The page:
Walk with me back to a kinder, gentler time before Tyler Perry; The Best Man arrived in 1999 as another entry into a movement that was long overdue. Love Jones (1997), a soulful, beautiful, poetic love story that made Nia Long a star, kicked off a series of films that addressed an awful injustice: the lack of a positive, professional African-American on screen. This paved the way for many wonderful, funny warm films including The Best Man, and my personal favorite, The Brothers (2001). These films were often witty and intelligent, bringing together the likes of Morris Chestnut, Jamie Foxx, D.L. Hughley, Gabrielle Union, Terrence Howard, Sanaa Lathan and Long.
The problem was that in this sub-genre — one that skewed a bit more female in terms of audience interest — a strong female writer-director did not emerge to act as a perceptive counter balance to the kinds of women’s pictures, like those made by Tyler Perry, The Best Man Holiday and, earlier this year, Baggage Claim. It’s a shame that these kinds of stories, often about women, are typically written and directed by men.
And herein lies the problem with The Best Man Holiday — it’s less of a sequel to that charming, funny 1999 film and more of a reboot of Tyler Perry’s Why Did I Get Married. The plot is roughly the same: a group of old friends reunite in what becomes a rather contained setting; here, it’s the New Jersey mansion of Lance Sullivan, a NY Giants star (played by Morris Chestnut). Lance is married with a few lovely children to Mia (Monica Calhoun). Taye Diggs, who was the catalyst for an awful lot of the action in the third act of the 1999 feature, returns as Harper Stewart, a best-selling author who recently has fallen on hard times after failing to get tenure at NYU. He’s also got a baby on the way, his wife Robyn (Sanaa Lathan) very pregnant.
Unhinged and free is Terrence Howard, a bachelor brand manager who apparently who sexts pictures to various women including returning “frenemy” Shelby (Melissa De Sousa); I’m not sure why she’s in this film but let’s just go with it. The film tries to refresh our memory with regards to the details of the first entry with some success, although I wished for a Carrie Bradshaw-style voice over by Harper, as some newcomers may feel a bit lost.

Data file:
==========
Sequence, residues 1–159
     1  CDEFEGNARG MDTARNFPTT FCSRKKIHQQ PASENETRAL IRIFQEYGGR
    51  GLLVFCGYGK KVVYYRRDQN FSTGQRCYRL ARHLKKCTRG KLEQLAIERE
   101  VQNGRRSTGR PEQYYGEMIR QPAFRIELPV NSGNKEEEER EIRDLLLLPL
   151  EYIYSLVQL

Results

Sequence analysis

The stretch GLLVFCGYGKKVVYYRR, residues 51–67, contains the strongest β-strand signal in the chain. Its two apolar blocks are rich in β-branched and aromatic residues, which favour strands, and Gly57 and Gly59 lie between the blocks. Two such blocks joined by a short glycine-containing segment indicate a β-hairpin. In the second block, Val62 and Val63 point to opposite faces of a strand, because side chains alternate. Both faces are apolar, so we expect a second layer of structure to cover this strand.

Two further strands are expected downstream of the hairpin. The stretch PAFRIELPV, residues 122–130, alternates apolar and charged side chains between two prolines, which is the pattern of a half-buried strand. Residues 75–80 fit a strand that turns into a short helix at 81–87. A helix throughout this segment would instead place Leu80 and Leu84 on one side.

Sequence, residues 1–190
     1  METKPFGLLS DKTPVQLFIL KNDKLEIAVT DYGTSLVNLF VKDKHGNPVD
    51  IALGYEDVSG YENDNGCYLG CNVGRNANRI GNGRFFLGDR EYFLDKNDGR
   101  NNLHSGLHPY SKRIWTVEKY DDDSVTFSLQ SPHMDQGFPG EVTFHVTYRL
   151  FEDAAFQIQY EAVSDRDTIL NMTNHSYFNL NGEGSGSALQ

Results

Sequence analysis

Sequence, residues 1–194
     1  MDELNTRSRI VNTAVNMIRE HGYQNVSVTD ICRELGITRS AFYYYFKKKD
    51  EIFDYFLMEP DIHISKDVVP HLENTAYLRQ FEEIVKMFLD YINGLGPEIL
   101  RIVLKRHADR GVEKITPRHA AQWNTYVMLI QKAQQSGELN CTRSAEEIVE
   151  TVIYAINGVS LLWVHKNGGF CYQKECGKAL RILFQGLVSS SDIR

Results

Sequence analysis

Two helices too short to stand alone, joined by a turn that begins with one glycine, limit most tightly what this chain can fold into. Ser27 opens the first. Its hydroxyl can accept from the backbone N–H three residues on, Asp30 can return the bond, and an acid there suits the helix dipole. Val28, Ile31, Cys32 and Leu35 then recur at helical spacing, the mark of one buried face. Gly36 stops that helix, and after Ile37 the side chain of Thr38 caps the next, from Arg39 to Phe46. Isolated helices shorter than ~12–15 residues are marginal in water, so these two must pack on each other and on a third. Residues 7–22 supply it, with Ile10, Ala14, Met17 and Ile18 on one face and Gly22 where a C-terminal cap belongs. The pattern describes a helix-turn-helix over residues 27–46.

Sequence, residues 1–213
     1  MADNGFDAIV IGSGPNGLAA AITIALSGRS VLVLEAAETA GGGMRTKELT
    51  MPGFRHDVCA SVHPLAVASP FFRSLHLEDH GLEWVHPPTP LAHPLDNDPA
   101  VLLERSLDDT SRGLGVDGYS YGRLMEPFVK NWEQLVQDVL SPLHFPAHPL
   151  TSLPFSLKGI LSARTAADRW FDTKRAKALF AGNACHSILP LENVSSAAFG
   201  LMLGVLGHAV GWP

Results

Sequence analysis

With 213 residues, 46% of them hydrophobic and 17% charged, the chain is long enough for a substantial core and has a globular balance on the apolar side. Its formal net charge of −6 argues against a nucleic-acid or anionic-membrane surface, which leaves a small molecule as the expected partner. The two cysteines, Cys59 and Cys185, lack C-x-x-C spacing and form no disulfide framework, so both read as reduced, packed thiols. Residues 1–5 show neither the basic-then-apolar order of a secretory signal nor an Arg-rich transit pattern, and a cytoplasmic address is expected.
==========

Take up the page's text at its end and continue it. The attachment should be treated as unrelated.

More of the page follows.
Nia Long plays Jordan, a producer at MSNBC who shows up to the weekend with Brian (Eddie Cibrian), a white boy who is faced with a difficult decision, as Jordan’s fierce independence becomes a barrier to intimacy. Other characters have traits which seem a little less interesting and that remains a problem; the film’s uneven, though much more engaging and far more subtle than the films of Perry. Perhaps the problem is just how contained it truly is, acting more like a stage play than a feature film — it ought to have been opened up a bit more like the golden rule of screenwriting suggests: show don’t tell.
The Best Man Holiday is bogged down by the fact we have taken too much time away from these characters and, as a result, we could have used more exposition to launch into this material. While not his finest outing, filmmaker Malcolm D. Lee has a distinct voice and has made some excellent wonderful films from the heart, including the highly underrated Roll Bounce and Soul Men.
Still, The Best Man Holiday contains some strong moments and good acting; the cast is as likable as ever, even if the film doesn’t take many bold risks. And while it’s too on the nose, I imagine its target audience will enjoy it, which underscores a critical point: films like this too rarely grace the screen. If it falters mostly due to a lack of focus and a running time that could have desperately used some tightening, it’s not without moments that are sincere and realistic.
The Best Man Holiday is now in wide release.